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Tweet Cred

On March 19th I tweeted this tweet. It was a pretty bold claim, I admit.  So I am going to take the opportunity to back it up through a series of blog posts.

Get yours today!
I claim that the book, By Faith, Not By Sight may be the best theological-pastoral-practical-pastoral counseling book I have ever read. I am saying this book and its subject matter has implications in all of these facets in ways I have not found (or can't remember) in any other book I've read.  To be sure, there may be better theological books out there, better pastoral books, better books that are more accessible practically, etc. But Dr. Gaffin's work is multi-faceted in its implications for all of these areas in ways I haven't seen before. My goal in this series of blog posts is to make my way through the book and highlight these implications.

But first, maybe some definitions would help.

Theological-This is a study of the Apostle Paul's view of the theology of salvation, or his soteriology.

Pastoral-How is one saved? How does one "stay" saved? How can one have assurance of salvation? What is the relationship between works and the gospel message; sanctification and justification?  How you answer these questions effect how you will lead, pastor and shepherd the people in the church you serve.

Practical-The answers to the previous questions will inform how a pastor preaches, prays and pursues his call. And the answers to the previous questions (and there are many, many more questions that could be asked) will effect every single Christian's walk; the root of their joy, their walk of repentance; their fight against their flesh, the world and the devil. Again, I hope to tease this out as we move forward.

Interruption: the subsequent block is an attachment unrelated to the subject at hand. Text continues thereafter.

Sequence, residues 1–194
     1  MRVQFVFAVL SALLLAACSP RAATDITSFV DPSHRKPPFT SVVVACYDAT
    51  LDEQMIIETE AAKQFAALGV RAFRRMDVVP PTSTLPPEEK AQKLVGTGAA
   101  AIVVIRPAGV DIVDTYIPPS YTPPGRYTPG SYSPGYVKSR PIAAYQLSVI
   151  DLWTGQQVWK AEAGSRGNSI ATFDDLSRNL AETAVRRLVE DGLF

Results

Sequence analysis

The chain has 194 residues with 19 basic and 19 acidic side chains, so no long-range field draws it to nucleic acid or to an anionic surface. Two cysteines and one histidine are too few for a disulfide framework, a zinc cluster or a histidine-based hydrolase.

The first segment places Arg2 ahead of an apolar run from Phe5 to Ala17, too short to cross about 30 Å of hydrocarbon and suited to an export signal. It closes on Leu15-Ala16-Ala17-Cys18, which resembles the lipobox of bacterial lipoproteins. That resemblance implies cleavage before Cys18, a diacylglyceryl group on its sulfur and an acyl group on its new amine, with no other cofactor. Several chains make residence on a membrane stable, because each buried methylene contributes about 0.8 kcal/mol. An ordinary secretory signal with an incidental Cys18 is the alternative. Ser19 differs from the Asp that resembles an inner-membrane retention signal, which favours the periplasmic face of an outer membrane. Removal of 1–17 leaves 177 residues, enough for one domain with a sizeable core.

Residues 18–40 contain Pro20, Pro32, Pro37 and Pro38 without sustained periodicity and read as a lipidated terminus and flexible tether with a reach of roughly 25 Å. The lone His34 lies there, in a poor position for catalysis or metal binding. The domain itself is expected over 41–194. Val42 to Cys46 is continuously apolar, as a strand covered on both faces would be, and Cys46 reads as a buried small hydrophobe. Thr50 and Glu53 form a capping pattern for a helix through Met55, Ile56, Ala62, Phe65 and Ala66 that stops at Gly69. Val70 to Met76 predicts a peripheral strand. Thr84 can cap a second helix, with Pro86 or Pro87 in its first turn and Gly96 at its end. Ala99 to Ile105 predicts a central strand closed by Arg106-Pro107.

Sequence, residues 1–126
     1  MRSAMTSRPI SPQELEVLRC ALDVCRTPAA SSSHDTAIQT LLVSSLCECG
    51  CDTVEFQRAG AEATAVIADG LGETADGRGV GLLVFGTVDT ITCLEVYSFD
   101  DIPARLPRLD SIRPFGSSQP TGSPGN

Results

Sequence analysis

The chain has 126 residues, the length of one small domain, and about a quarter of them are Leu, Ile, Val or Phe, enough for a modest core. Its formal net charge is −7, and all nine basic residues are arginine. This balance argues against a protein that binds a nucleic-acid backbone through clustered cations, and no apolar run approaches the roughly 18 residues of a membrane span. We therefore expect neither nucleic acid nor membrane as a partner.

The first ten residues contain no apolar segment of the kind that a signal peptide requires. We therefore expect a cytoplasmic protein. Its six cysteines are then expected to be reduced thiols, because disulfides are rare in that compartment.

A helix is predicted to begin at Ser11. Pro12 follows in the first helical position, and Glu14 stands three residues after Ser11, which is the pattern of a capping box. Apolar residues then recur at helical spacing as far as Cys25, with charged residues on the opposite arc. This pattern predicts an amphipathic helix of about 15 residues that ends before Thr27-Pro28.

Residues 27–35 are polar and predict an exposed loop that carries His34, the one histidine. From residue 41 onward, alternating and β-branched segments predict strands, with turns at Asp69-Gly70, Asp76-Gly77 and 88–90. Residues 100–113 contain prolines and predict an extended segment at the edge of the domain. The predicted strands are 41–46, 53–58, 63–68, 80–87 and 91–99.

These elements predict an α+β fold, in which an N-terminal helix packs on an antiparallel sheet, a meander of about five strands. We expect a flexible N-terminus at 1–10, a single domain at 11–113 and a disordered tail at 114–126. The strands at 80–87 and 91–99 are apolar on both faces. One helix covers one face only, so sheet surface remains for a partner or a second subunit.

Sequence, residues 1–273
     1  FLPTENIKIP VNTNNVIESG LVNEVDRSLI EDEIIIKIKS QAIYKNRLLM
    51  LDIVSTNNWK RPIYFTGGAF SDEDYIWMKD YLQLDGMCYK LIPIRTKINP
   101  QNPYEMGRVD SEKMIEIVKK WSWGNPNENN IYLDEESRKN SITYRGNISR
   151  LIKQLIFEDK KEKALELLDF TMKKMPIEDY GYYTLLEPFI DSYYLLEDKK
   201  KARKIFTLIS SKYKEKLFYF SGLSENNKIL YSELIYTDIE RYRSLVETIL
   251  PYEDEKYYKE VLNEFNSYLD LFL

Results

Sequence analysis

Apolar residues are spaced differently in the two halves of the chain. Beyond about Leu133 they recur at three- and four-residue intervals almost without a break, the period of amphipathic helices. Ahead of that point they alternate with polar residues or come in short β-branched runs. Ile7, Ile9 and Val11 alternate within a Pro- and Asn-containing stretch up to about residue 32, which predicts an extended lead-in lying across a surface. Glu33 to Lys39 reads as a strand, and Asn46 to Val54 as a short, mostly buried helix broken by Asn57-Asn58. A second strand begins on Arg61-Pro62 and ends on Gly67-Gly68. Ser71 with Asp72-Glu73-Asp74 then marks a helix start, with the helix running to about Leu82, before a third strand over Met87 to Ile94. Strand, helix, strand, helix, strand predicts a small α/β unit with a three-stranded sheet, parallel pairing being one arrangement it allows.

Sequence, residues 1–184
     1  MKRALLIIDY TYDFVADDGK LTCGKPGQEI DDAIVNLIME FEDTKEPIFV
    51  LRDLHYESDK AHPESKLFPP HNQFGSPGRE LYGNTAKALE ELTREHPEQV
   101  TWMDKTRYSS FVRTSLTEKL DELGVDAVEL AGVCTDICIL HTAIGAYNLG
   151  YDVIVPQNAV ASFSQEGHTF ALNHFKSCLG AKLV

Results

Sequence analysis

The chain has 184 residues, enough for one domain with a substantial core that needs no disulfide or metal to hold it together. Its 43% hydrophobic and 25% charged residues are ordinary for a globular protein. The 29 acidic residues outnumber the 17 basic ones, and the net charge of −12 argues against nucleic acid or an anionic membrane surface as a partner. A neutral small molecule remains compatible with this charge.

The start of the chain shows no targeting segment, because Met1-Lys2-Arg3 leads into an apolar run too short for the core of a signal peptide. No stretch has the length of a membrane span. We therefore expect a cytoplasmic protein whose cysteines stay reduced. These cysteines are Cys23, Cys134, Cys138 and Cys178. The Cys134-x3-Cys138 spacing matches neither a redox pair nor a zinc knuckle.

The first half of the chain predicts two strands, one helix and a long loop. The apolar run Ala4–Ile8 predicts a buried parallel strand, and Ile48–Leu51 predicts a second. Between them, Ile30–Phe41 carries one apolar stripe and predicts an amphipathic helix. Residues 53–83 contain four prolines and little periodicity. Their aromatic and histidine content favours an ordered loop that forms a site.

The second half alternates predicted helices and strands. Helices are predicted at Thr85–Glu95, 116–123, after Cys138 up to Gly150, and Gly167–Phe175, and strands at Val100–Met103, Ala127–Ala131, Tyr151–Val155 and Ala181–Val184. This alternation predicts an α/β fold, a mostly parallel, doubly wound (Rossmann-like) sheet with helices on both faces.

Pastoral Counseling-I admit that I may be making a distinction with little difference between pastoral and pastoral counseling. Please grant me some license here as the distinction I am making is born out of my experience as a pastor. When I think pastorally I am thinking in terms of the gathered people of the church; ministry to the many. When I think in a pastoral counseling sort of way, I am thinking in a personal, individual, face-to-face formal counseling ministry; bringing the gospel to bear on a particular person or a couple or a family who has asked me to serve them as they struggle. So the implications I will draw out here will carry with them, I hope, an immediate address to a specific issue. And in some cases, a principle drawn from the book (or, more properly, Paul's theology of salvation faithfully presented in the book) that will inform a formal pastoral counseling posture.

So that is the primary goal; to draw out the implications of Dr. Gaffin's work with these four areas in the cross-hairs. I will also include the following goals in my posts:
  • I plan to be brief in each post. I will not cover a chapter per post (the book has four chapters that are relatively long, cover a whole lot of ground and can be fairly complex). My goal of being brief is also based on my personal preference. If I look at a blog post and it will require a lot of scrolling, I will either skip it, save it for later or print it out. I am under no illusions that what I post will be worth saving or printing, so I hope to be brief so that those who are interested can read it quickly. (Just as an example, this present post is most probably longer than the future posts I will post.)  
  • I will not hit on the implications for each area in each post. Sometimes I will, but not every time.
  • I hope to be consistent in posting, not waiting months between posts.
So there you go. If I am going to tweet such a claim, (and commend a book to you) I want to be prepared to back it up.


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